Monday, October 6, 2008
The Illusion of Memory
Sunday, July 13, 2008
1:07:20 AM CDT
Hearing Who invented the darn sports channel?
The Illusion of Memory
The unusual amount of rain that we’ve been having has kept our daycare students indoors more often than most of us enjoy dealing with. Energy levels run high in pre-school students that should be exhausting themselves playing chase and kickball, leaving myself and the staff trying to find activities to preoccupy their time waiting for the playground to dry.
After reading the chapter on memory, I began to associate many incidents that we’ve had on the job where each of us have had to report a problem to a student’s parent, and how each time a story was told, the story became a bit more different. One assistant elaborates on something that she believes was said that I don’t recall hearing in the same room. Another assistant insists that they observed something completely different than the other two observed. I decided it was a good day to play a game of telephone in order to observe some of the issues we had been introduced to in our text.
The kids gathered in a circle, with each of the assistants and me between them. I came up with a phrase to pass along the line; “If the sun comes out to shine we might be able to go out to play this afternoon.” I whispered it quietly into the tiny ear of the child beside me. Carefully I watched the message being passed from student to student, from teacher to student and finally to the last student. The student twitched his nose a bit and looked quizzically at me before finally saying; “Spongebob will get fries at noon?” After that, I understood the point.
The human brain is an incredible control center. Not only does it regulate the body’s systems, it also stores and analyzes a large amount of information. Taking cues from the body’s senses, the brain can determine what a particular sound is, what shirt someone wore yesterday, what pineapple taste like, what a flower smells like or even assist the body in finding the bathroom in complete darkness – all of these things are possible because of the information stored within the memory. Not only are everyday actions stored within the memory, but events, people and places are able to be recognized by this incredible organ.
Family stories, passed from generation to generation during holiday dinners come from the vast data banks of the human memory, but what you might remember of an incident might not jive with what Uncle Harry is sharing with the rest of the family. “Misinformation has the potential for invading our memories when we talk to other people,” suggests Elizabeth Loftus in her article on Creating False Memories. “Memories are easily modified when the passage of time allows the original memory to fade.” It’s not that Uncle Harry is trying to embarrass you in front of your cousins, it’s because over time he may have forgotten pieces of the event and his mind is naturally trying to fill those gaps with assumptions about what could have happened. These are known as “false memories”.
The mind classifies memories based on duration, nature and retrieval of information. Sensory memory is what is initially perceived by the senses. The ability to look at an item and remember what it looked like with just a glance is an example of sensory memory. It deteriorates quickly unless it is further processed by the mind for storage and retrieval at a later time. Short term memory allows a person to recall something within minutes without rehearsal, but its capacity is limited to about 4 or 5 items. Long-term memory encodes information semantically for later retrieval. If that information is not utilized and rehearsed (often through re-telling of the information) it can deteriorate considerably. Later efforts may produce fragments of the information, and in an effort to retain fluidity of thought, the mind may form hypothesis on those missing pieces causing the person to slightly alter or altogether change a given incident.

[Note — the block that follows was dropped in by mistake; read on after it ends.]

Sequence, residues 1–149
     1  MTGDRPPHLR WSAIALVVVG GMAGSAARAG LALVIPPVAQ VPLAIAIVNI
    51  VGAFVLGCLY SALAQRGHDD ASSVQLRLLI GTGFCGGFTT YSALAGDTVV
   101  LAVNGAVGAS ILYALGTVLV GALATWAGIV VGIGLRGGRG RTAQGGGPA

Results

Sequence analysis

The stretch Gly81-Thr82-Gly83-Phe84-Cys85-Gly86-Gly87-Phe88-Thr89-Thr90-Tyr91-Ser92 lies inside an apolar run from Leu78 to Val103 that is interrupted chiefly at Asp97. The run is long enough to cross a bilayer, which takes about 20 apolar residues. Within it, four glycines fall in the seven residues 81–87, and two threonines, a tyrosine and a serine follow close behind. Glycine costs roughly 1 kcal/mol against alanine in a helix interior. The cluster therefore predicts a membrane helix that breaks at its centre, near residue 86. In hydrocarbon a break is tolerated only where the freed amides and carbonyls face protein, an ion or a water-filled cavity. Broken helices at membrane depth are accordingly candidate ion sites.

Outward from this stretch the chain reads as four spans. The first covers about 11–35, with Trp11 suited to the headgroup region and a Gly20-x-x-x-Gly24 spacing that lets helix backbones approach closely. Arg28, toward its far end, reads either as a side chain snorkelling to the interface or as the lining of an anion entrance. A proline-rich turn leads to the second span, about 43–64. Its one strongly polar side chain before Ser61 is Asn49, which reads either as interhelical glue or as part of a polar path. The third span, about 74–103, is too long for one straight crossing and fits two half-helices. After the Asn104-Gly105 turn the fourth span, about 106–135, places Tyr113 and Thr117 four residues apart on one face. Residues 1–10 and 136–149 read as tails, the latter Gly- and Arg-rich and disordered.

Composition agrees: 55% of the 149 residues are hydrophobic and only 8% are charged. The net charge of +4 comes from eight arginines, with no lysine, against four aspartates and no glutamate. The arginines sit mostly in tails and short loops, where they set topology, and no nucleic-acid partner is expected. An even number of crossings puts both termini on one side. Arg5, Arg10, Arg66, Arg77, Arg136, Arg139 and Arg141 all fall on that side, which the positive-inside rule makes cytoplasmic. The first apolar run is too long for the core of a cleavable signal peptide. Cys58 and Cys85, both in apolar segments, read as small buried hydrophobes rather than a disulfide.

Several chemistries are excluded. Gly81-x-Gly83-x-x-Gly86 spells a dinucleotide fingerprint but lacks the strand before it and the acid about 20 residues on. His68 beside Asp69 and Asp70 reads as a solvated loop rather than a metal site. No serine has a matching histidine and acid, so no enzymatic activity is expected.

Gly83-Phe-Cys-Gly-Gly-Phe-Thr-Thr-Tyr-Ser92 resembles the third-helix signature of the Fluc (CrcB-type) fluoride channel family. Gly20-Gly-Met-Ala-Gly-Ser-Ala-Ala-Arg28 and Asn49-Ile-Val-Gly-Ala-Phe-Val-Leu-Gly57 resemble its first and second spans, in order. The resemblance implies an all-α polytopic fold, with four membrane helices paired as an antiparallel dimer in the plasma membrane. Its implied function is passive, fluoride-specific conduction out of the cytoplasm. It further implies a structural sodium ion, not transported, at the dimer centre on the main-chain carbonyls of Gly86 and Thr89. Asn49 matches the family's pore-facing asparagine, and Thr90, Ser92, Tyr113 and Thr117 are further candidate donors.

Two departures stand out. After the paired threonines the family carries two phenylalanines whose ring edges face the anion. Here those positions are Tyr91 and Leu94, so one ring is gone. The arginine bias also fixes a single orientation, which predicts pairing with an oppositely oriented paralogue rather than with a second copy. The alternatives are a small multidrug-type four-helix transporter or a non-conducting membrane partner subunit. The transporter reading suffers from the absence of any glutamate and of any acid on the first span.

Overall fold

This phenomenon is most notably recognized in an experiment conducted by Loft and her research associate, Jacqueline E. Pickrell. The scientist asked 24 individuals to recall a childhood event that had been recounted by their parents, older siblings or another close relative. They submitted a booklet containing three events that had actually occurred, and one that had not. The participants were instructed to elaborate what they had recalled at different time intervals, and it was discovered that the more often the individual heard the false story, the more they believed the event had actually happened and that they could actually remember it happening. Experiments such as these, give strong indication that memories are influenced by other witness accounts and continued interrogations of the facts.
Our judicial system still relies heavily on eye witness accounts and signed admissions of guilt from suspects under the stress of interrogation. Although it seems ridiculous that an individual would accept guilt for a crime he didn’t commit, it happens on a regular basis. I had a client that admitted to guilt of a rape crime in order to plea bargain for a shorter sentence. With a baby on the way and his wife without income, he felt he had no other alternative. Most odd about this story was not the fact that the parent had conveyed it to me, but the grandparent. Over time, the father had admitted the guilt so many times in his mind that he had grown to believe it was true. Even though the witness later admitted the incident was consensual and she was just lashing out because he wouldn’t leave the wife, in his mind, he was as guilty as the day he admitted the crime.
Memories may be the only thing we have besides our DNA to pass onto our children, but we must remember to take the time to document them for our future generations, or our great-grandchildren may stand about, scratching their heads wondering why Spongebob got fries at noon.